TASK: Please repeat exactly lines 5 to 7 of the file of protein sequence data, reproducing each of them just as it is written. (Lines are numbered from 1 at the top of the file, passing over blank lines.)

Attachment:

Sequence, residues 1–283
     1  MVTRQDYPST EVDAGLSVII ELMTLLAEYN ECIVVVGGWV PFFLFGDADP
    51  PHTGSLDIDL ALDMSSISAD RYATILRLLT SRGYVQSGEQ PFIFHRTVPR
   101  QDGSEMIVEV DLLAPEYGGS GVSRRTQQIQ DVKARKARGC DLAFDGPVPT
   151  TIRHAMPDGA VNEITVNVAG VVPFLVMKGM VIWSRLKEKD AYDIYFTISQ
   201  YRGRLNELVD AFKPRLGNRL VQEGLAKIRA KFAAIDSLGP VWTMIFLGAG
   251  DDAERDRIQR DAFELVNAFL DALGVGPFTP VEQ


   151  TIRHAMPDGA VNEITVNVAG VVPFLVMKGM VIWSRLKEKD AYDIYFTISQ
   201  YRGRLNELVD AFKPRLGNRL VQEGLAKIRA KFAAIDSLGP VWTMIFLGAG
   251  DDAERDRIQR DAFELVNAFL DALGVGPFTP VEQ